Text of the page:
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North Bay Business Journal

Monday, March 24, 2014, 6:25 am

For business loan fund, Ukiah nonprofit eyes public offering

‘We’re really going to sell this as a community development investment fund’

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    Mendocino County Economic Development & Financing CorporationMendocino County’s Economic Development & Financing Corporation is taking early steps to embark on a direct public offering, with plans to fund a new loan program aimed at startups and other ventures that would struggle to obtain financing from a traditional lender, according to the organization’s executive director.

    With a draft prospectus expected for internal review in April and a public offering possible later this year, the effort would provide a highly regional vehicle for investors and boost the EDFC’s other loan programs for small business, said John Kuhry, executive director.

    The “DPO” approach would allow the Ukiah-based nonprofit to market and sell shares directly to the public in California, without the necessity and cost of a national filing with the U.S. Securities and Exchange Commission.

    “Companies typically use it as an equity instrument. We’re using it to support debt capital,” said Mr. Kuhry.

    Mendocino County Economic Development Finance Corporation: Connecting money and ideas with entrepreneurs to create sustainable prosperityFormed in 1995, the EDFC (707-467-5953, edfc.org) has offered rural small business loans backed by the United States Department of Agriculture since 2001. The organization has funded over $2.8 million to more than 40 businesses through the USDA, and received the U.S. Department of the Treasury’s Community Development Financial Institution designation in 2013.

    Those loans are tied directly to potential job creation, offered at four or six-year terms at an interest rate of 7.5 percent. Most of those USDA loans are toward the minimum end of the spectrum — $10,000 — but are available for up to $150,000, Mr. Kuhry said.

    Not all proposals have fit within the framework of the USDA loan program, however. Combining that program with lending from the proposed “Social Impact Investment Fund” could allow greater flexibility in maximum loan size and terms, he said.

    “We look at people who have been turned down by banks, or not given enough capital,” said Mr. Kuhry. “We want to graduate people away from this money and onto our local banks.”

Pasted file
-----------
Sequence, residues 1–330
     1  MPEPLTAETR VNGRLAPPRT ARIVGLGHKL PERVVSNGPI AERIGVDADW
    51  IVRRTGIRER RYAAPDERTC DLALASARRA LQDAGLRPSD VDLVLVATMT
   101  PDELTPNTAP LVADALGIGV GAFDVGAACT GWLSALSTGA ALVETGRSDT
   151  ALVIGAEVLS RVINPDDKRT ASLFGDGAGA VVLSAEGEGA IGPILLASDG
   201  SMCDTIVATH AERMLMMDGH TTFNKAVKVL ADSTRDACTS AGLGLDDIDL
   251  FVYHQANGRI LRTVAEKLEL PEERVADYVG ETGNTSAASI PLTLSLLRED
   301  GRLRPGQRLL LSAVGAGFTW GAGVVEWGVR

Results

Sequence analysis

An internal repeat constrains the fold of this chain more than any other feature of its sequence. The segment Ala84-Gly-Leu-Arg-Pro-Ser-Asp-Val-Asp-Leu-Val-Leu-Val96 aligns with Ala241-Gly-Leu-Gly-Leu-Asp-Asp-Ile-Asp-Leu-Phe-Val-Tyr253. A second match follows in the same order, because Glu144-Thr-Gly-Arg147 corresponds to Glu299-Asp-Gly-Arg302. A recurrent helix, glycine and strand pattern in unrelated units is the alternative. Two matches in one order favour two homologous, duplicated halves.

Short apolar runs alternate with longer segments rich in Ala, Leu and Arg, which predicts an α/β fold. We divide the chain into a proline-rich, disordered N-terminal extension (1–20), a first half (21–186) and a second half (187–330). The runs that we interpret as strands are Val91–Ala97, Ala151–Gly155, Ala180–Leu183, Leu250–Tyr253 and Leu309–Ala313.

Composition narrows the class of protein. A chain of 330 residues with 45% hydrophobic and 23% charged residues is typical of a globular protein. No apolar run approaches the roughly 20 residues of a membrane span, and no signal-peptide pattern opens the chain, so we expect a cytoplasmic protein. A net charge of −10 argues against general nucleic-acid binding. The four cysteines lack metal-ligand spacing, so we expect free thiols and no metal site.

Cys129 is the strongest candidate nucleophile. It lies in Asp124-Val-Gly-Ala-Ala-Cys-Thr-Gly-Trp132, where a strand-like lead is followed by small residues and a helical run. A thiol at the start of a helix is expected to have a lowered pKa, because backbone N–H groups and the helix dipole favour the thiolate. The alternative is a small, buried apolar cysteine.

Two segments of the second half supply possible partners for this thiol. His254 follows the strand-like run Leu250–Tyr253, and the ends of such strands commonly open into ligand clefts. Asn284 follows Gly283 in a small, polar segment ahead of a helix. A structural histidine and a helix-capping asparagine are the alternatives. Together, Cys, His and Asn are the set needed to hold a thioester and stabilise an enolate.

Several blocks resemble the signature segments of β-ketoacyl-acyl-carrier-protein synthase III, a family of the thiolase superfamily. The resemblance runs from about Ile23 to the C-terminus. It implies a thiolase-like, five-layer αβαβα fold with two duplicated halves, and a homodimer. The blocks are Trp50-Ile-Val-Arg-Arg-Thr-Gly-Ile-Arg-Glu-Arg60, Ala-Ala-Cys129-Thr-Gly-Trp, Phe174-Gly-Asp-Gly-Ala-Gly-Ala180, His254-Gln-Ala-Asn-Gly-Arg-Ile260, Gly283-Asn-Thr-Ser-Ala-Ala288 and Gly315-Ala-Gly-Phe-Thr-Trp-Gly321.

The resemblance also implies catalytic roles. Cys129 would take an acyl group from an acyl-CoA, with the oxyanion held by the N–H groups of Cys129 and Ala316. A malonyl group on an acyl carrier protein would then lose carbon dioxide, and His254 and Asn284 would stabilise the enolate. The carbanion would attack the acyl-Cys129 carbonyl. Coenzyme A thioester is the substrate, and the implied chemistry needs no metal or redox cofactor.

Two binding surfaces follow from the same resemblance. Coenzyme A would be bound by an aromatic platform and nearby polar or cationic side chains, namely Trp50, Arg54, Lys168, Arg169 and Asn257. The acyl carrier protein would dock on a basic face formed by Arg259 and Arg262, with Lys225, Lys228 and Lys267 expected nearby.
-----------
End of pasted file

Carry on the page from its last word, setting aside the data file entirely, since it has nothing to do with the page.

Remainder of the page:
The EDFC would essentially borrow at a rate of around 2 percent for the new fund, with loans offered at rates as low as 4-to-5 percent, Mr. Kuhry said.

    Mr. Kuhry cited a proposed wool fiber processing plant in Ukiah and a revitalized Sea Shell Inn in Point Arena as the kind of larger proposals that could benefit from the new fund.

    Yet he cautioned that the increased loan capacity would not mean a focus on larger loans. The self-described “lender of last resort” would focus on loan requests typically considered unattractive for a traditional lender, often smaller-balance loans involving significant underwriting and little profit.

    A number of North Bay organizations have recently made efforts to offer or facilitate so-called “microloans,” including Santa Rosa’s Redwood Credit Union, the Sonoma County Economic Development Board and San Rafael’s Renaissance Entrepreneurship Center. While difficult to precisely define, those “microbusinesses” are generally considered to be very small, early stage companies.

    Supporting those businesses remains a key part of the EDFC’s mission, Mr. Kuhry said.

    “We’re really going to sell this as a community development investment fund,” he said. “It allows people to move their money local.”

    While available for several decades under the SEC, the direct public offering mechanism remains one of the lesser-known investment vehicles. Among the most famous examples are packaged food maker Annie’s Homegrown, which included shareholder advertisements in product boxes, and Ben & Jerry’s ice cream, which used a DPO to fund a production expansion in Vermont.

    Though similar in attempting to lower barriers for investors, the DPO approach differs from the SEC’s proposed “Title III” equity crowdfunding provisions under the Jumpstart Our Business Startups or “JOBS” act. A Title III crowdfunded offering can have a national reach and procure up to $1 million through a huge number of tiny investments, while too many shareholders can trigger full-blown SEC filing in the case of a DPO.

    The EDFC is working with Oakland-based Cutting Edge Capital to develop the offering, he said.

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